October 12, 2012
Kickin' It With Kitch: Expectations raised
"What have you done today to win a championship?"
These were the words above the door to the weight room that we looked at every summer as we finished our workouts. When I first arrived on campus that sign looked a little different. It read "What have you done today to beat IU," Coach Joe Tiller changed the culture at Purdue to the point where it was not enough to beat our apathetic rival. We needed to strive for more.
Tiller raised expectations at Purdue University to the point that Boiler fans started to really enjoy the success and begin to expect nothing less than bowl wins and championship. It got to the point where the fans were starting to get ugly at any loss and toward the end of Coach Tiller's tremendous career, he felt that he needed to talk about managing expectations publicly.
Tiller was a different kind of coach than the one we have now. When we would go in for our yearly sit down with him, he asked us three things: one tangible goal, one intangible goal and our prediction for next year's record. The first two answers took a lot of thought each year, but the last question took absolutely no thought on my part. It was always 12-0. I just could not imagine going into a game with a thought that we would lose. If that happened, then there is no sense in playing at all. Coach would always press me to find out what I really thought the record would be and I never wavered. I am not sure if he wanted to see if I would buckle under some scrutiny or if he really thought I should think we may lose some.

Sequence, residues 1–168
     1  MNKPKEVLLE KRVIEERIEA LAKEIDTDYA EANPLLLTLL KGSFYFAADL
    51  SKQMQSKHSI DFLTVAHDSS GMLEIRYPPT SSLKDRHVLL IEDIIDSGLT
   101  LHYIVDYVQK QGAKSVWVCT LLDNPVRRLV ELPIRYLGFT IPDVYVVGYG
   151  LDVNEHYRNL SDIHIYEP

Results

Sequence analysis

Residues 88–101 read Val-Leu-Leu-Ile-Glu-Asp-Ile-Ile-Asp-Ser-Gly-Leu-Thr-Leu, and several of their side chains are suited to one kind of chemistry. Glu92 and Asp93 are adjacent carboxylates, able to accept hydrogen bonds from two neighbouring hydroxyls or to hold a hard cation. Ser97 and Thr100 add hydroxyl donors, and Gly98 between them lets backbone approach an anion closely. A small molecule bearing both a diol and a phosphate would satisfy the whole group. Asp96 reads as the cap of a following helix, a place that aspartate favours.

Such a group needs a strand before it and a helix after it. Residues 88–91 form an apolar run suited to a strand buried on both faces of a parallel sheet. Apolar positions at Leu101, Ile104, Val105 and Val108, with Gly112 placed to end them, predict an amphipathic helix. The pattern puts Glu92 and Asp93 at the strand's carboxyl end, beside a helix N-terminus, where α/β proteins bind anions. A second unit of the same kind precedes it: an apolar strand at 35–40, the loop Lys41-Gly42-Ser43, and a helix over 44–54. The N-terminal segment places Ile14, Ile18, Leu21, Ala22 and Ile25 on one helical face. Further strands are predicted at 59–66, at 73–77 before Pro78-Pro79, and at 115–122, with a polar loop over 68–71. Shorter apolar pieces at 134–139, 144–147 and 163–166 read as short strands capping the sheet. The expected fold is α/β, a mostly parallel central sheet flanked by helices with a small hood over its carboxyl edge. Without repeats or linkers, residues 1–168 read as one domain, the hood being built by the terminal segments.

It has been a while since I have been in the weight room inside Mollenkopf, but I could imagine it saying "What have you done today to win a National Championship?" On the contrast of Tiller, Coach Danny Hope has no qualms about raising expectations. He wants everyone both inside and outside the program to know that he expects to win every week and if it does not happen it should rip the guts out of everyone. I think he made this apparent at the kickoff luncheon when he said that he and this team expects to play in Indy for a conference championship.
In the past years I have gotten frustrated with the small number of fans who are vocally against Hope and this program, but I have had a little revelation this year. The passion that makes them so upset is the same passion that drives them into Ross-Ade each home game, and travel and use their hard-earned money to be in attendance when the Boilers play for a conference and bowl championship.
Saying all this, get your tails out to Ross-Ade Saturday and watch some young men who want nothing less than to win a football game for Purdue University. We have guys who have come back from three knee surgeries and one even playing without an ACL, killing themselves on the field for us the fans. I don't know who will make a memory out there, but I will be sure to be there to witness it. I believe in the power of positive thinking. The goals are still in place and we as fans may need to ask ourselves "What did we do today to win a championship?"
Follow me on twitter during every game as I will let you in on what I see from the sideline @kelly_kitchel
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